Somehow, D and I were hosted for all of our Rosh Hashana meals. Five times, we found ourselves in good friends' homes, ripping off pieces of round, honey-dunked challah, and savoring slices of apples picked as nearby as Maryland, and as far as a friend's hometown of Omaha. Five times, we ate way more than we needed to, fought to stop ourselves from taking one more piece of mushroom tart, one more spoonful of ethereal fennel soup, one more scoop of squash gratin, one more slice of my mom's famous carrot kugel, one more bite of toasted coconut ice cream. Needless to say, we're pretty stuffed.
(Another highlight, while we're on the topic: my mom made a sweet-savory noodle kugel with feta. Talk about creative! I'm going to need that recipe.)
Alas, the languid pace and gluttonous eating of the past three days can't go on indefinitely. There's work - a new job, for one of us - right around the corner. And while, after weeks of working too hard and having little time for myself, it was great to not have to cook for this holiday, it also means that the fridge is strangely free of leftovers. Needless to say, I had to rectify that situation.
I discovered this Food52 recipe last year, and made it probably 10 times in the ensuing weeks. It takes maybe 30 minutes, start to finish; it keeps in the fridge for days, maybe even improves as it sits; and it reheats like a charm at the office, which by now you know seals the deal for me.
I serve this curry with brown rice and a scoop of yogurt. If you're feeling fancy, you can make raita to go with it, but plain yogurt works nicely, too. We've got a container full of the stuff, waiting to greet us at the end of the workday tomorrow. There's no better way to start the new year.
Easy Eggplant CurryAdapted from "Purnima Garg's Eggplant and Tomato Curry" on Food52 serves 4-6
3 tablespoons peanut oil (canola also works) 1 teaspoon brown mustard seeds 1 teaspoon cumin seeds 1 onion, sliced 4 Japanese (long and thin) eggplants, sliced 1/2 inch thick 1 serrano chile, seeded (if you're concerned about spice - I left my seeds in) and chopped fine 1 teaspoon ground coriander 14 ounces canned diced tomatoes with juice 1/2 teaspoon garam masala 1 teaspoon salt 1/2 teaspoon black pepper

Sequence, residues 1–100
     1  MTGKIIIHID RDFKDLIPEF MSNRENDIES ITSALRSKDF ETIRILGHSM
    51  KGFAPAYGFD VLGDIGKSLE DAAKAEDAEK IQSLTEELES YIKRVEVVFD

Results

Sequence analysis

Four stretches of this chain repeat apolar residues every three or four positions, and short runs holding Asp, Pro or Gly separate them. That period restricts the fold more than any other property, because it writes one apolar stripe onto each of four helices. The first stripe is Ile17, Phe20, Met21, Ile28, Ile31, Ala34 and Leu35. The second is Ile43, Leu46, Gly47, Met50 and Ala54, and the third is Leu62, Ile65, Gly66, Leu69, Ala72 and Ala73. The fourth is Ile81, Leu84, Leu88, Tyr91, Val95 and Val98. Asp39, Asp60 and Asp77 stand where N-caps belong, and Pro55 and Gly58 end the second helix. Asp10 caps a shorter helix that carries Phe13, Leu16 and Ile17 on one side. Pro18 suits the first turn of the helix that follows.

Heat 1 tablespoon oil in a large frying pan until it shimmers. Add the mustard seeds and cumin seeds and heat about 30 seconds, until they pop.
Add the sliced onions, and stir occasionally over medium high heat until they are deep brown in spots (this will take a while, but makes a big difference to the taste and they won't burn if you are careful).
Add 1 more tablespoon of oil. Add half the eggplant, and saute until the skin turns brown and the flesh just starts to soften. Remove onions and cooked eggplant to a heatsafe bowl. Add the final tablespoon of oil, the remaining eggplant, and saute until browned and slightly softened. Add the onions and the first batch of eggplant back to the pan.
Add the chile, coriander, garam masala, tomatoes, and salt and pepper. Turn heat to medium low and cook, covered, until the eggplant is soft, stirring occasionally.
Serve hot with rice and plain yogurt or raita. Feel free to add other condiments, like spicy pickle or chutney.